She’s a psycho-killer with puppy-dog eyes

Towards the end of the game the ludo-narrative dissonance becomes more and more like an open sore. The more skills and powerful weapons you acquire, the more bloodthirsty, unhinged and veritably insane Lara appears to become. Where she first cried ‘you don’t have to do this!’, you’ll hear her screaming ‘I’m coming for you all!’ towards the tall end of the game. Definitely, Lara has changed from the beginning in comparison to the conclusion of the story – but her changes are merely cosmetic, as a person she has hardly changed at all. It’s all a fairly pointless exercise in banality.

One of the most iconic moments happens at the very end of the game. When Lara is forced to dig it out with the Big Bad in a desperate bid for survival. Through some off-the-cuff thinking and witty resourcefulness she, at long last, acquires her dual pistols and is able to rescue her friend, herself and the island from complete and utter decimation. It is a fitting conclusion to a somewhat bland and repetitive experience. Adding insult to injury is just how anticlimactic the game’s conclusion is. Yeah, you kill the Big Bad in a worthwhile extended fight sequence. The final fight itself however is over before you know it. The conclusion to Tomb Raider is as sketchy as its beginning. Nobody seems to have learned anything from the harrowing experience they went through. Sigh.

Narrative dissonance

One of the biggest complaints that can be leveled at this game is the narrative dissonance. During the cutscenes it is explained time and time again that Lara prefers to diffuse situations non-violently. In the beginning of the game she’s shown being remorseful after killing a deer because she’s hungry after days of not eating. She almost gets a tear in her eye for the needless bloodshed she was forced to partake in.

In one of her earlier encounters with the scavengers that populate the island, Lara is attacked and forced to fight back. After a brief struggle (with some unfortunate implications, mostly due to bad writing) Lara claims her first human casualty. Once again she’s shown to be remorseful, on the verge of throwing up and actively disgusted that she had to kill another human being in such savage and brutal fashion. Never mind that two minutes later you’re putting bullets in dozens of henchmen and Lara doesn’t seem to bat an eyelash to all the carnage and destruction she’s inflicting.

scav_hub7_28448With such a good built-up you’d expect that the gameplay would actually accommodate Lara’s growth as a person and further help enforce it as part of her character arc. Not so. From the moment you kill the deer, to the instance that you kill your first assailant Lara in the gameplay is at odds with the Lara of the narrative. There’s no interval between Lara being innocent and Lara the puppy-eyed mass murderer. It’s quite jarring and baffling that Crystal Dynamics decided to not hold on longer to the protagonist's established pathos and frailty. What should have been a (predictable, but still) worthy character arc is reduced to an easily-forgotten footnote.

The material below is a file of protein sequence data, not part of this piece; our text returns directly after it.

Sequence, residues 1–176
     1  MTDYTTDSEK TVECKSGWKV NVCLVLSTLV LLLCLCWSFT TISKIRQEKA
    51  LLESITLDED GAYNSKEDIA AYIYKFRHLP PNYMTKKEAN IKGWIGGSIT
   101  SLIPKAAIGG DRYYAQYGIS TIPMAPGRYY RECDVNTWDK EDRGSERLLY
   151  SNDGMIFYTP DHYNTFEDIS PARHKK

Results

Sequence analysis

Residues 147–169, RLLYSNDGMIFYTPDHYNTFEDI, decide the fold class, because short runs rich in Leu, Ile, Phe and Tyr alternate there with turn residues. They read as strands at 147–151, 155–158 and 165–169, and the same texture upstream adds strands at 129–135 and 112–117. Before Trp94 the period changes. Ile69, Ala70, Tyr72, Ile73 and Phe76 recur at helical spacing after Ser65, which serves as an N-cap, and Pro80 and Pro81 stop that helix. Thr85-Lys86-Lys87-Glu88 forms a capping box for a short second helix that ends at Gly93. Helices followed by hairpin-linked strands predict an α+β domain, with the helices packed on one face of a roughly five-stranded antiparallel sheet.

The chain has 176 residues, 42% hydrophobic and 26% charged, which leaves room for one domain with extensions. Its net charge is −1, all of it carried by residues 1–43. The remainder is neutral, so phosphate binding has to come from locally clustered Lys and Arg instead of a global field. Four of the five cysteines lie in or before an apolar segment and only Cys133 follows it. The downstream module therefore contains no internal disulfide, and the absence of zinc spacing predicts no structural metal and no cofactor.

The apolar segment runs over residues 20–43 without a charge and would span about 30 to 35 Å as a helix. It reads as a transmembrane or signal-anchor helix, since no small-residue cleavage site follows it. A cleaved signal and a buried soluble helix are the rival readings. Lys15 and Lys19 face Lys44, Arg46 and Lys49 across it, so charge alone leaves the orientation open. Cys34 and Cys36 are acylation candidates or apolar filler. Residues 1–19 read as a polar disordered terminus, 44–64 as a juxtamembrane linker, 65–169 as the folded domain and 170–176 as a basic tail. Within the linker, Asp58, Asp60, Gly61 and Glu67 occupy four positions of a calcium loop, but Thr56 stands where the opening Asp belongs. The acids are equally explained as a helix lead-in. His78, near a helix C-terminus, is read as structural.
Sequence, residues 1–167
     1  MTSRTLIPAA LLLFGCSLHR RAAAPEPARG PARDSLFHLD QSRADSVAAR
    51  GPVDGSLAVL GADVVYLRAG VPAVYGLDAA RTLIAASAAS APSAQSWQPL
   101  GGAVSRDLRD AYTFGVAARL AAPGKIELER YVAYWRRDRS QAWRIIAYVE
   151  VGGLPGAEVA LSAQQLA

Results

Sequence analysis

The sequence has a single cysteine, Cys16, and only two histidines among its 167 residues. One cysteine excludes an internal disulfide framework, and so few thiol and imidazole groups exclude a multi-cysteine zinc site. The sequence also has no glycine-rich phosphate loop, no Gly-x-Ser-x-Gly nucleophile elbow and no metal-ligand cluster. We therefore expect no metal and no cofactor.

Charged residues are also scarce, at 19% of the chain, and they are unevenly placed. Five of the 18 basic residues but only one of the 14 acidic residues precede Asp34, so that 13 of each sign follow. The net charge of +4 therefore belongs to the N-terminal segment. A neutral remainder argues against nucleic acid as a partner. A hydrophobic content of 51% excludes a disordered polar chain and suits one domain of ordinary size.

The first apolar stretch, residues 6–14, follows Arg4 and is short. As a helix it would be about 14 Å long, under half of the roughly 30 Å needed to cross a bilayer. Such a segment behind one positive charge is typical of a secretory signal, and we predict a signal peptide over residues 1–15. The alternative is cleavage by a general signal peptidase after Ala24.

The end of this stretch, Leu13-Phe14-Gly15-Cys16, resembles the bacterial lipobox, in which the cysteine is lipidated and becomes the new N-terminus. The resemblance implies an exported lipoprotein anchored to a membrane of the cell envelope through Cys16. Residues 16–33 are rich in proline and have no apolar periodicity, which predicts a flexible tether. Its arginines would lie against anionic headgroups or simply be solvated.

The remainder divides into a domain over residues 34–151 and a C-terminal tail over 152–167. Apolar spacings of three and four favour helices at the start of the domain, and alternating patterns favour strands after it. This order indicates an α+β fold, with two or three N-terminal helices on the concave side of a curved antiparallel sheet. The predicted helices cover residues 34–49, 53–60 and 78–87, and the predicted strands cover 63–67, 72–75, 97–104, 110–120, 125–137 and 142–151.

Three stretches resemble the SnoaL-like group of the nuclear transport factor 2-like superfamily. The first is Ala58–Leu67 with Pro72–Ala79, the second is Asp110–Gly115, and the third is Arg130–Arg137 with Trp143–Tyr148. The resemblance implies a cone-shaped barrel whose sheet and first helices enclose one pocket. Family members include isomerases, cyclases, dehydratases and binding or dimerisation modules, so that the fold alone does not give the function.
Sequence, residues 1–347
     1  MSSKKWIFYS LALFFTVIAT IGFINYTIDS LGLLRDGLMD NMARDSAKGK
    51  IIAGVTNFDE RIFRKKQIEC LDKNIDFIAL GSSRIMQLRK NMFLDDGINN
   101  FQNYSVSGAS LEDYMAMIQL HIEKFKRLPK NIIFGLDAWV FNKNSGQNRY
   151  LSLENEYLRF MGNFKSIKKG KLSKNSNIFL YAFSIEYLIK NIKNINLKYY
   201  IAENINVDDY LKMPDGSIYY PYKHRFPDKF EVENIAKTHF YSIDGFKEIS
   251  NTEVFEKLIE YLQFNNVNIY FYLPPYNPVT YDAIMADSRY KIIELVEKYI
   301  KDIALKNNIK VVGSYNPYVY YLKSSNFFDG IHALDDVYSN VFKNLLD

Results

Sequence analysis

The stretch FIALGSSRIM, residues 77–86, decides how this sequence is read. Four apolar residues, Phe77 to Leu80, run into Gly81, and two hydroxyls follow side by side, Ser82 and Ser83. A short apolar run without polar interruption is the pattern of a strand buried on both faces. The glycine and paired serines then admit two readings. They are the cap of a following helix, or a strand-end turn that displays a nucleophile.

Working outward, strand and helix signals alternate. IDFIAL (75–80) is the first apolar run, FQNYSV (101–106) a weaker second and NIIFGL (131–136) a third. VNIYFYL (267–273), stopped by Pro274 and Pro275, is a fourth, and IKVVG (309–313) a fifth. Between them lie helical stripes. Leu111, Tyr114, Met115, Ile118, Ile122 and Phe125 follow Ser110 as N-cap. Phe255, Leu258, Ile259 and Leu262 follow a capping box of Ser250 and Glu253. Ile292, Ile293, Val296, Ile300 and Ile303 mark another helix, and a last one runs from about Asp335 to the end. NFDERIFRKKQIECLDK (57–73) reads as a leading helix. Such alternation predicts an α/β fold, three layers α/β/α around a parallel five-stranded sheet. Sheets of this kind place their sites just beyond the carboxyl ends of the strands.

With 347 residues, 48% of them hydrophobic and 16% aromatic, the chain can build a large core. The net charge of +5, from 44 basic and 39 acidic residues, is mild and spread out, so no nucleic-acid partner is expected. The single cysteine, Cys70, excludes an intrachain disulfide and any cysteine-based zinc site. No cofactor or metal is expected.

It’s also baffling in its handling and general ineptitude to see how dense and obtuse Lara is for most of the game’s duration. While the player has put together the clues rather early on, miss Croft seems not able to connect the dots, despite mounting evidence and a trail of burned, shot, stabbed and mutilated cadavers. This weakens and further erodes her already shaky characterization to a considerable degree, making her “wits” and “resourcefulness” nothing but informed attributes.

It’s hard to say exactly who is to blame for this particular debacle. It would be a good guess to file complaints to Crystal Dynamics. After all writer Rhianna Pratchett was only tasked to create a story for the in-game cinematics and cutscenes. Her story is internally consistent for the most part. It’s the odd design choices and lazy reliance on cover-based shooter mechanics that make Tomb Raider the flawed, technically sound and visually breathtaking but ultimately empty exercise it is.

There is no depth, and the characterizations are lazy

The story of the Yamatani and the survivors of the Endurance is what possibly could have set this game apart from the competition at least a little. The backstories for the characters and the central narrative is fleshed out to a reasonable degree, and can be considered functional – but it is also entirely lazy in design and execution.

Information is relayed through audio logs and diary entries, instead of being fully integrated in conversation trees and in-game character interactions. Why use a more appropriate narrative device when you can just record an audio log or create a diary entry and be done with it? It is very hard to take these characters serious when everything is done so surreptitiously, lazy and backhanded. Not only is it deeply lazy and regressive game design, it is insulting and patronizing to the player.